Pottermania is revving up, and Maclean’s books columnist Brian Bethune has a thoughtful cover story about the imminent finale of the series. The burning question, of course, is whether Rowling will allow her hero to survive; to that end, Bethune polls various observers and gets mixed results. On the death side:
Last summer, a journalist argued in the Guardian newspaper that Harry’s demise would be one more valuable lesson from the books: “Children have to learn to deal with death sooner or later, it’s the reason they have hamsters for pets.” A Times writer struck a similar mordant note — let Harry be killed, because that “would be less confusing than for him to grow up to be an accountant.”
But University of New Hampshire lit prof James Krasner takes the opposing view:
“No, Harry won’t die,” Krasner confidently asserts. “And he shouldn’t die. It wouldn’t be as good a story if he did. It would be like Bach going atonal in the last few bars of a cantata: you wouldn’t say ‘How interesting. That must be what makes it art.’ Harry’s death would be so out of step with the rest of the books — a violation, for one thing, of the basic school story. There’s never been one of those where the main character dies.”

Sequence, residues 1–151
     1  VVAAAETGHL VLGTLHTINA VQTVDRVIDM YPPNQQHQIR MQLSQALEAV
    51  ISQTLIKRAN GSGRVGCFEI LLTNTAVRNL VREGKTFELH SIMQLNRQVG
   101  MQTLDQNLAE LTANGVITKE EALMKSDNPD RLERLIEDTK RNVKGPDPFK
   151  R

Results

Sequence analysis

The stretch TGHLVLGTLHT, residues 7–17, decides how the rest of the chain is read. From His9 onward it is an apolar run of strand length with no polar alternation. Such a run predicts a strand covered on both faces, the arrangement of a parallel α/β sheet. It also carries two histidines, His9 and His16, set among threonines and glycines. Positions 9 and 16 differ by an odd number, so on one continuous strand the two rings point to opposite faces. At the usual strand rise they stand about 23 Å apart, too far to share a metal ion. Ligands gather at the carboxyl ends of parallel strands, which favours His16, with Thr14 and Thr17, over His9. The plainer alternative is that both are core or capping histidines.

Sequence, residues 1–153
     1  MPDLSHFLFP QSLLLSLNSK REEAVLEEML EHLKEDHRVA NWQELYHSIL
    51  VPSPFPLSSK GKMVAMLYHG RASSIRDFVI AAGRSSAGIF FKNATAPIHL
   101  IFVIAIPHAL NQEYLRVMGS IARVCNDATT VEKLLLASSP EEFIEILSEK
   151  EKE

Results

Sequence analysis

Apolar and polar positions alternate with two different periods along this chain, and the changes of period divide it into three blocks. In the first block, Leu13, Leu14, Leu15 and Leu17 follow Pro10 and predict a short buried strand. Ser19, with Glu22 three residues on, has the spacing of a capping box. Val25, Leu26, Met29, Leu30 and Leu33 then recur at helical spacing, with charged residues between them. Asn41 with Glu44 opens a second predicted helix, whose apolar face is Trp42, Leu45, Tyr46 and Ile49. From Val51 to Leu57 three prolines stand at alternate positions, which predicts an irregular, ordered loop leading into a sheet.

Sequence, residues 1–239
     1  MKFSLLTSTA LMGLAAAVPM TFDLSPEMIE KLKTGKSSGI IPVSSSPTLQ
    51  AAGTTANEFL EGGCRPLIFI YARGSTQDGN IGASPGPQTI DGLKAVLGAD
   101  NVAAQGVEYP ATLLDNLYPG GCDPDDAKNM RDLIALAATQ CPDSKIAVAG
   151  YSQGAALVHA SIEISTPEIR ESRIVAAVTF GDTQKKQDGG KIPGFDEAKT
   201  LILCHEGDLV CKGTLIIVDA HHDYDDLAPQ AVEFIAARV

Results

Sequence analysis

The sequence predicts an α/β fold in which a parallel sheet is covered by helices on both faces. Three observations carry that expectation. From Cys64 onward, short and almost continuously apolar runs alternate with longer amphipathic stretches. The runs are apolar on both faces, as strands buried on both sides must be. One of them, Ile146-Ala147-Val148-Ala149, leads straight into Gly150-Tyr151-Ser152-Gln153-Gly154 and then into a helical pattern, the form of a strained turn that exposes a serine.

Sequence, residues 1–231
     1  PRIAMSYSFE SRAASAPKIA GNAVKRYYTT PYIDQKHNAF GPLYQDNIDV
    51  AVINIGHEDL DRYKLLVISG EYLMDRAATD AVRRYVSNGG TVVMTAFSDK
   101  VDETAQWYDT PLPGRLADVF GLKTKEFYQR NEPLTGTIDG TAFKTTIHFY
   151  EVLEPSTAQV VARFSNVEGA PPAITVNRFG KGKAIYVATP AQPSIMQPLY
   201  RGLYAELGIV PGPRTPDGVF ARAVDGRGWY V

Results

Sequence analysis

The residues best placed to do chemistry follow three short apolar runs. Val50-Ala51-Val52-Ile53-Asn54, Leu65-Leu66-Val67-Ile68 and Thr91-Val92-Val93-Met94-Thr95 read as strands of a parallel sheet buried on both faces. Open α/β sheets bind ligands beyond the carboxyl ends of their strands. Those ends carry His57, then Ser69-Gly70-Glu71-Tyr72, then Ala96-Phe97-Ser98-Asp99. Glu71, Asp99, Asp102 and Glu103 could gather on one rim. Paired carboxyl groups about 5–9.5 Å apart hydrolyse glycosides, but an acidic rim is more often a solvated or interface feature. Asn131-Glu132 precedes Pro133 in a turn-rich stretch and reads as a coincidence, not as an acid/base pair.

There’s also a practical angle to consider. As Bethune notes, by killing Harry, Rowling would remove any temptation to go back to a character that she may well be ready to leave behind. Of course, Arthur Conan Doyle tried the same thing with Sherlock Holmes, and ended up resurrecting his detective anyway.
Oh, and in case you missed it, a few weeks back Slate had a proposed Harry Potter finale, Sopranos-style.